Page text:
Assuring quality patient careBy Ramil Gulle |INQUIRER.net
What do we really mean when we say something is “world-class”? The term has been used over and over again for so many things—from equipment to resorts to hotels—that its meaning has become vague.
Fortunately, when it comes to hospitals and other medical facilities there really are precise standards that they can follow—so that they can truly be certified as world-class. The global organization for setting these standards for hospitals is the International Society for Quality in Healthcare (ISQua) which is based in Dublin, Ireland. The process by which a hospital meets these standards is called accreditation.
While ISQua itself does not accredit hospitals, it is the one that accredits or certifies the various accreditors that do accredit hospitals. Who are these accreditors? There are several accreditors recognized by ISQua and some of them are already familiar to the Philippine hospital sector: NABH International; JCI (Joint Commission International); Accreditation Canada: ACHS (Australian Council on Healthcare Standards). Closer to home is the MSQH (Malaysian Society for Quality in Health).
These accrediting organizations are recognized and authorized by ISQua to certify hospitals and other medical facilities. Certification by an ISQua-accredited accreditor is proof that a hospital’s quality of patient care and operations conforms to the worldwide standards set by ISQua. (ISQua is recognized by the World Health Organization as a partner in providing quality health care.)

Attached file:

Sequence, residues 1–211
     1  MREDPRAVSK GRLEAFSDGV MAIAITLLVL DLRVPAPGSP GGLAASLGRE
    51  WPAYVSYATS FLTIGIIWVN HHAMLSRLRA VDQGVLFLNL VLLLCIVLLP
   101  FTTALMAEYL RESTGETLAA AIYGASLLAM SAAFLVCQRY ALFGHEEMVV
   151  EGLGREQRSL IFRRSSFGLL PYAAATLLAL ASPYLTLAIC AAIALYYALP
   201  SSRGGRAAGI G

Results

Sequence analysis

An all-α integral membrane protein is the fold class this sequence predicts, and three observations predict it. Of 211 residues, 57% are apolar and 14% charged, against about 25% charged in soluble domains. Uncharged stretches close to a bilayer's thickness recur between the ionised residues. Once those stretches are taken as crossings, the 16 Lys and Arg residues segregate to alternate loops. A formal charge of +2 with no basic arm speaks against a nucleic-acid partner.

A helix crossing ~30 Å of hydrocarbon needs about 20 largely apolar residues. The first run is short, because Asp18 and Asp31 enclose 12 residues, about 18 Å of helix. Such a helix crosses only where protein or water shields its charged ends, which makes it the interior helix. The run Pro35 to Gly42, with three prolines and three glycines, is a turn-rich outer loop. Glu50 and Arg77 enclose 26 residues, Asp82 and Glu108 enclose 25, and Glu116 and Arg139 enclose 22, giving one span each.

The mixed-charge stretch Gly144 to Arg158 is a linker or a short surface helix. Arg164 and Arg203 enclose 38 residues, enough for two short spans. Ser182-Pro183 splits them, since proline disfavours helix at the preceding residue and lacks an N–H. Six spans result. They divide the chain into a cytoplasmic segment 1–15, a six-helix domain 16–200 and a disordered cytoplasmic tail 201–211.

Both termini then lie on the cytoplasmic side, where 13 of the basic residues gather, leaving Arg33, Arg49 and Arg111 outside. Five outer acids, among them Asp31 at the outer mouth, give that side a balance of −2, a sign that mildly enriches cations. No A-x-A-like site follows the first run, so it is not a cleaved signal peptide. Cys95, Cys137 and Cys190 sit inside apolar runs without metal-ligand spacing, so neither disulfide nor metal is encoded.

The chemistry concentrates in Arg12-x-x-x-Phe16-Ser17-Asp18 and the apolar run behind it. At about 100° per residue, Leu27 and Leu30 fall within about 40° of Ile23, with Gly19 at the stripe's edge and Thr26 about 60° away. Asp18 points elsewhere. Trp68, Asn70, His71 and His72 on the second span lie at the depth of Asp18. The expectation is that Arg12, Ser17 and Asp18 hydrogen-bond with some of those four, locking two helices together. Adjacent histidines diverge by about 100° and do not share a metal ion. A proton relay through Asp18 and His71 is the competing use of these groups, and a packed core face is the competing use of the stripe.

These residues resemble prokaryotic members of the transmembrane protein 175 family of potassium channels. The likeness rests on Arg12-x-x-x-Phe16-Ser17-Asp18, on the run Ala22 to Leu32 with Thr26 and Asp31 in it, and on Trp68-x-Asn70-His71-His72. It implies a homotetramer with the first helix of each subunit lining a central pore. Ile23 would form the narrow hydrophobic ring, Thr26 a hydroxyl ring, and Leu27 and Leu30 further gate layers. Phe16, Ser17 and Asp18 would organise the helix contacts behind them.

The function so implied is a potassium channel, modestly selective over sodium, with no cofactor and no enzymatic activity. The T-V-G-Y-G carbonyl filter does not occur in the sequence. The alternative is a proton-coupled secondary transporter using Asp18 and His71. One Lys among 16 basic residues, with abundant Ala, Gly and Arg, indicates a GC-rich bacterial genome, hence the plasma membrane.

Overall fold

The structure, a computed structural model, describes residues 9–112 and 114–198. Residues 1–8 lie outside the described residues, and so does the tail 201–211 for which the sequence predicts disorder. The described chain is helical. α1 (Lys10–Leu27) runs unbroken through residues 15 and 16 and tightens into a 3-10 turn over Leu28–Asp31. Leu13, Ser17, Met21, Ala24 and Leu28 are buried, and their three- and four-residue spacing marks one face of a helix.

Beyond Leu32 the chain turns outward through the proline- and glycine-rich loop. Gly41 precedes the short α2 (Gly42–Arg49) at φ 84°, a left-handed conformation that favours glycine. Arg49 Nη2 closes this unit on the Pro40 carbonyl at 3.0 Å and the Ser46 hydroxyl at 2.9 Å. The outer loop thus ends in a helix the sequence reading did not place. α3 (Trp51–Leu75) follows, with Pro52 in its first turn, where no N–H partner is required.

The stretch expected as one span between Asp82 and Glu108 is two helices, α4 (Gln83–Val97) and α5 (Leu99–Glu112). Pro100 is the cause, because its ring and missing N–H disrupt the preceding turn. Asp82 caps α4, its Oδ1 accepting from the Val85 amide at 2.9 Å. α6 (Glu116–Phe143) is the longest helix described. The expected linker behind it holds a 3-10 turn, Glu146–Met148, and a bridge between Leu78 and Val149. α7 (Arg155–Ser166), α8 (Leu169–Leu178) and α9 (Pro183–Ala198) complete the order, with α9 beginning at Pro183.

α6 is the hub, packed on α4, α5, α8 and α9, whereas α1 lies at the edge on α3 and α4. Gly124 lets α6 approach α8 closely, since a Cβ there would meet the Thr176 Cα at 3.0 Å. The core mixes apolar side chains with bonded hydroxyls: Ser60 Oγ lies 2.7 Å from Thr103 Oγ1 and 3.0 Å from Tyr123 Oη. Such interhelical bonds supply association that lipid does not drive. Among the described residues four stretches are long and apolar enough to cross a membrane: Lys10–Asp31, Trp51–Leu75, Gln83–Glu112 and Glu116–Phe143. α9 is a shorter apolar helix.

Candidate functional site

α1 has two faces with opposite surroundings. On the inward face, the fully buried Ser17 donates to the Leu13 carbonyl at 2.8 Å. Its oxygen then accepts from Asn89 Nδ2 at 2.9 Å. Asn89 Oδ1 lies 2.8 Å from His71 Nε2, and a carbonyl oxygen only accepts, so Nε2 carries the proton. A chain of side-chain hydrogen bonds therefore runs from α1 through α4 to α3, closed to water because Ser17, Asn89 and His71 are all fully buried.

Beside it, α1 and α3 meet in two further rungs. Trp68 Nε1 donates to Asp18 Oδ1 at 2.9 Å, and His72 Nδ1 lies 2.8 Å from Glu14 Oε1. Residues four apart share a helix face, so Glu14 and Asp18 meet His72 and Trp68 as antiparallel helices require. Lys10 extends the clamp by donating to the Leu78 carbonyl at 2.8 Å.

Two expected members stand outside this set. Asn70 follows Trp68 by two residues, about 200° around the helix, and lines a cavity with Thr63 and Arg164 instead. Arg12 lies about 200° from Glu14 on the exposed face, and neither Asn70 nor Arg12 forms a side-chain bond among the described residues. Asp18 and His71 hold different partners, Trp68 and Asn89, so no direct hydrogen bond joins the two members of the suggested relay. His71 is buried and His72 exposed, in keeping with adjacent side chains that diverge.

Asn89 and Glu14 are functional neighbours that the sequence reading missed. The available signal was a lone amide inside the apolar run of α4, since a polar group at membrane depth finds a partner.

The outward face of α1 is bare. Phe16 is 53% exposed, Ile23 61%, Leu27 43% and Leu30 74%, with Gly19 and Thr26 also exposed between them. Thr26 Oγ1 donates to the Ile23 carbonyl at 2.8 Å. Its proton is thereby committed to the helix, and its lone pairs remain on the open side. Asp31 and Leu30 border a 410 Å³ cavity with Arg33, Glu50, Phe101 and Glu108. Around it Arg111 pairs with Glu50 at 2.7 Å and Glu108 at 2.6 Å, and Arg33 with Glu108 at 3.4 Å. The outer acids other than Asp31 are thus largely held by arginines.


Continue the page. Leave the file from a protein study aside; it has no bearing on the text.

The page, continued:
Accreditation and the Philippines
What does the process of accreditation mean for the Philippines? Some are of the opinion that accreditation is an aid in medical tourism: a hospital with international accreditation is certified as being able to provide real world-class patient care.
Understandably, foreign patients’ main concern when it comes to traveling for health is the safety and effectiveness of the care they will receive from the country where they will be receiving treatment. The lower cost of medical care in the Philippines, for example, would be attractive to foreign patients but without an assurance of quality, foreigners would still shy away from the Philippines as a healthcare destination.
Therefore, medical travelers from overseas become confident that treatment at an accredited hospital by an ISQua-recognized agency will be safe and effective and would have international quality patient care this is equal to, if not better, than that in their home countries.
At present, there are already Philippine hospitals that are internationally accredited. The Makati Medical Center, St. Luke’s Medical Center, The Medical City, and Chong Hua Hospital are accredited by JCI. The Philippine Heart Center and Manila Doctors Hospital are both accredited by Accreditation Canada.